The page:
Combat is abstracted down to Near and Far areas for allies and enemies, and players collaborate on thinking up logical items that are present that can be used to gain minor advantages in combat. Once the item is used, it cannot be used again. This structure allows every combat to happen on the same battle layout.
This is great. Once you learn the system, which is light on tactics but emphasizes creativity and collaborative brainstorming, combats will be a breeze, while still being potentially challenging enough to engage the players consistently. This is exactly what I expected from the book, a rules-lite version of combat that merges tabletop RPG conventions and the tropes of JRPG video games into something that is easy to set up and run but allows for ample creativity.
Monsters, Spells & Dragons
I separate dragons from other creatures since they serve a different function in the game world, almost as Nature Spirits instead of beasts to encounter.
These sections shine with whimsy. The art is again great, and they tie the spells and creature to nature really well, while also allowing themselves the freedom to create some truly goofy monsters like those that exist in JRPGs (I fondly remember fighting taverns with legs and shoulder cannons, and half a dozen varieties of hybrid egg creatures, for example). The book would benefit from a larger bestiary, but gives a GM enough to run a game for a while.
Spells are largely tied to seasons, and you choose a season to specialize in when you’re a caster. This makes everything you cast thematic. You also get all of the seasonal spells of a particular level (low level spells at low PC levels, mid level a bit later, etc.) when you choose a season path. This takes some decision out of spell choice, but always gives you options for a variety of situations. Additionally, many spells are very, very unique, which is fun. The lone possible downside is that the uniqueness of the spells means that there’s more to learn and remember than you might anticipate from the number of spells available. It’s not quite D&D level of spell crunch, but it will definitely be the most complicated aspect of combats, by a fair margin. Many spells also aid the Travel and Inventory systems mentioned earlier, but adept manipulation of spells within those rules requires some nuance. I can appreciate this and think it will reward careful attention on the part of spellcasters, but it will take some new players a while to get the hang of when and why some non-combat spells have utility, since they alter game elements that usually aren’t the concern of magic spells in other games.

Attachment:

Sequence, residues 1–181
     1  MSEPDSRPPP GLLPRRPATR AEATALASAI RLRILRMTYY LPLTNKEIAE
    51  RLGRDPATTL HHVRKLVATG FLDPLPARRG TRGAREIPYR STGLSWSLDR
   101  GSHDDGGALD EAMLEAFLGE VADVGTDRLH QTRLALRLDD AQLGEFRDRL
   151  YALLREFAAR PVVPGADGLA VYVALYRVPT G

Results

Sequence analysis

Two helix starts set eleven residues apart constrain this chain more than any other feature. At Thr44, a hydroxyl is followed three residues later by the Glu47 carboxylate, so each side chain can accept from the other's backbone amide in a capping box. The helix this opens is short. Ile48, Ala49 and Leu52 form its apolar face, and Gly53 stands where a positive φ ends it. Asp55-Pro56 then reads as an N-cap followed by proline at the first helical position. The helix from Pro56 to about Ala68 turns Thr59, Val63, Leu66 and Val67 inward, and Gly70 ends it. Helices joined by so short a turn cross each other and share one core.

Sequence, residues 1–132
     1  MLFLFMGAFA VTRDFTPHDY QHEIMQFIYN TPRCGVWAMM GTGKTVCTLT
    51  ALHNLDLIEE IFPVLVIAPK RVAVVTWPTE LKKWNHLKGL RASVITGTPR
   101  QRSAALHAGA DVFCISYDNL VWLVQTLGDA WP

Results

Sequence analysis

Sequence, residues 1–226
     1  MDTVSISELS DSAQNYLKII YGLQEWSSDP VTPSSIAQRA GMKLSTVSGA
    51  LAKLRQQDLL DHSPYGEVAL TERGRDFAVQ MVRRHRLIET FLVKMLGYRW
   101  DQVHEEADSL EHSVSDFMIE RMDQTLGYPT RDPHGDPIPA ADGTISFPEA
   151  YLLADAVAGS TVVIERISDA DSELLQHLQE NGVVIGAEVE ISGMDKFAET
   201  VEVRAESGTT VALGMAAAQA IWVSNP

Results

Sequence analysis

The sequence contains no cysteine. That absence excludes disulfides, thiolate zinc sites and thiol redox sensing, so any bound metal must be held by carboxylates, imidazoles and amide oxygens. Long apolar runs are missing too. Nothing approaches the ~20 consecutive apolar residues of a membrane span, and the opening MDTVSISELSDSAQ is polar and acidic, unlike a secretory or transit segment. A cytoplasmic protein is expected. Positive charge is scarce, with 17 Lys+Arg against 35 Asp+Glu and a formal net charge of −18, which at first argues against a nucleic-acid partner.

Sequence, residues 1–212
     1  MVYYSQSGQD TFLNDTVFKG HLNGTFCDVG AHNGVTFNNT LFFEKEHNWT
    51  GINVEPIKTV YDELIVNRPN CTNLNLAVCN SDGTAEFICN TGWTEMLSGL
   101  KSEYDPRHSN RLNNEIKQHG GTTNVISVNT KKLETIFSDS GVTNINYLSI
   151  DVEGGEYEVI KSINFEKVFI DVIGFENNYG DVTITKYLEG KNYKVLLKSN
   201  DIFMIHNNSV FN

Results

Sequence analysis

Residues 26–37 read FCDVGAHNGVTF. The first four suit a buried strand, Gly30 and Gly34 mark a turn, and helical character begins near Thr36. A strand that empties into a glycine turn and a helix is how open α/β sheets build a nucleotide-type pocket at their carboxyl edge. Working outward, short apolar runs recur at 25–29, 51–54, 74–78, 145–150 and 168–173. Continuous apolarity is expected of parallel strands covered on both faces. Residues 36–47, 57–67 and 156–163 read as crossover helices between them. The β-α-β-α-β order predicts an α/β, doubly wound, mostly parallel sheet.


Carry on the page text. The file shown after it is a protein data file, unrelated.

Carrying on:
The GM (Ryuujin)
GMs choose one of four Ryuujin types, and can customize their Ryuujin. The four types map to different story types, and the abilities each kind has relate to this story type. So there’s a battle Ryuujin, for example, with abilities related to combat, another that is clearly geared toward social encounters, and a couple others with similar themes.
The customization extends to items and abilities (Artifacts, Benedictions and Reveals) that usually aid players in specific ways, but can occasionally make things harder for them. This isn’t just license to save the players at any point; the powers have specific uses, and the Ryuujin has a limited pool of Life Points to spend on most of them. Ryuujin level up after a certain number of sessions as GM, and these abilities and powers expand slowly as part of the leveling.
Additionally, the Ryuujin can manifest in the world in tangible ways. This opens some fun possibilities, such as visiting the party as a traveler, a nearby forest animal, or the pack mule they’ve been traveling with the whole time (or whatever else). Shockingly (to me, at least), the Ryuujin can also become a PC eventually, with rules governing this transition. Rather than becoming a GM PC, this allows someone else to take over as GM with a new Ryuujin. It’s a nice touch for those wanting to share GMing duties.